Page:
HIST Lecture #13 10-4

HIST Lecture #13 10-4 - Kings Popes and Crusades High...

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10/4/11 Kings, Popes, and Crusades: High Politics in the High Middle Ages Move away from decentralized control and begin seeing the rise of centralized states (France, England, etc.). Recentralizing was when kings began centralizing power once again and setting up monarch states. Crusades aren’t just an attempt to retake the Holy Lands, but a manifest of the conflict between Church and State. One of the legacies of feudalism is the rise of more centralized states. Kings stand at the top of the feudal hierarchy, even when they don’t have complete control. Technically, they are the chief lord and they use their relations to establish power. They establish law courts and bureaucracies. They try to subordinate the church. William the Conqueror from France defeats the Anglo-Saxons and sets up the Norman monarchy in England. Henry I and Henry II established greater control over local government and stripped feudal lords of their power. They relied heavily on their vassals. Royal law is administered mostly by the vassals. However, you couldn’t rely completely on them. The kings began deploying their own agents called counties who collected taxes and enforced royal law. They established courts outside of their own with judges that traveled and presided over local cases. The decisions of the king’s court set a precedent for future cases (Common Law). When the Supreme Court rules on something today, it becomes precedent and future judges must follow this ruling (stere decisis). The church always wanted to maintain its independence and jealously guarded this independence. Henry II drew the ire of the church when they ruled that the clergy had to be tried in the royal court instead of the church’s court. The archbishop of Canterbury named Thomas Beckett undermined Henry’s attempt to transform the court. He does everything he can to subvert this attempt, and Henry famously says “Who will forgive me of this troublesome monk.” His vassals then killed the monk. The Pope then excommunicated Henry. Henry backed down and submitted to a public flogging in front of the church. Slowly and surely, the kings dwindle away the autonomy of the church. Finally, Henry VIII separates from Rome and declares himself ruler of the sovereign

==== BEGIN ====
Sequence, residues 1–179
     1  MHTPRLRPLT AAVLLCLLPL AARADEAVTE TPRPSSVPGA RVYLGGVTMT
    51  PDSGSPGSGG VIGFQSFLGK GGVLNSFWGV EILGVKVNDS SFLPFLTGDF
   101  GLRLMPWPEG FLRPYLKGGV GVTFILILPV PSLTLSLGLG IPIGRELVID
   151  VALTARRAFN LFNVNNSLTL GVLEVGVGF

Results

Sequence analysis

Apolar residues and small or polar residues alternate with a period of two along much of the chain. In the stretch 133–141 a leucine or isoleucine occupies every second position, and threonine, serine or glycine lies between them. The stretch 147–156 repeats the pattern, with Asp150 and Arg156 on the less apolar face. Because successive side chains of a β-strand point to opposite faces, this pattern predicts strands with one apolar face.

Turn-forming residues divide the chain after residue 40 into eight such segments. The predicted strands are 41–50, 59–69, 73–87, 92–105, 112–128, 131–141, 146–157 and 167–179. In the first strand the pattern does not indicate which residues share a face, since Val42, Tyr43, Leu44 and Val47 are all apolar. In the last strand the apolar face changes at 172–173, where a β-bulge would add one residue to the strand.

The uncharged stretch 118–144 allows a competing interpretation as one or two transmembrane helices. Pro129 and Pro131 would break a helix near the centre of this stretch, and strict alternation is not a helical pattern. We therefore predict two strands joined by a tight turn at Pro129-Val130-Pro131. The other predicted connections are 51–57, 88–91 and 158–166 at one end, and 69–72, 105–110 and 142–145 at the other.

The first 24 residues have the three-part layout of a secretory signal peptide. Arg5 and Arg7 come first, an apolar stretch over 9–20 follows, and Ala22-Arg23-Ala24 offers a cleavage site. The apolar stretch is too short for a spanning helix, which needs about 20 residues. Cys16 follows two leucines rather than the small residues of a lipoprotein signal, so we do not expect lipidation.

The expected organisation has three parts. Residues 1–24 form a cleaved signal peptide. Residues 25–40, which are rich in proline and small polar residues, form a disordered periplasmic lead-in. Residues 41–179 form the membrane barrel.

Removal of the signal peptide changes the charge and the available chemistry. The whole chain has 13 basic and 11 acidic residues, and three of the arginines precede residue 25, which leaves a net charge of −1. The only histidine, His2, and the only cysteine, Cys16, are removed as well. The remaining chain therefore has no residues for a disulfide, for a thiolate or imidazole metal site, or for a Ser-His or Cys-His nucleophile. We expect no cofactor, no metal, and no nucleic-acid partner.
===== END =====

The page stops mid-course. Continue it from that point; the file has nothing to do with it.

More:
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This note was uploaded on 02/27/2012 for the course HIST 151 taught by Professor Hunziker during the Fall '07 term at UNC.

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HIST Lecture #13 10-4 - Kings Popes and Crusades High...

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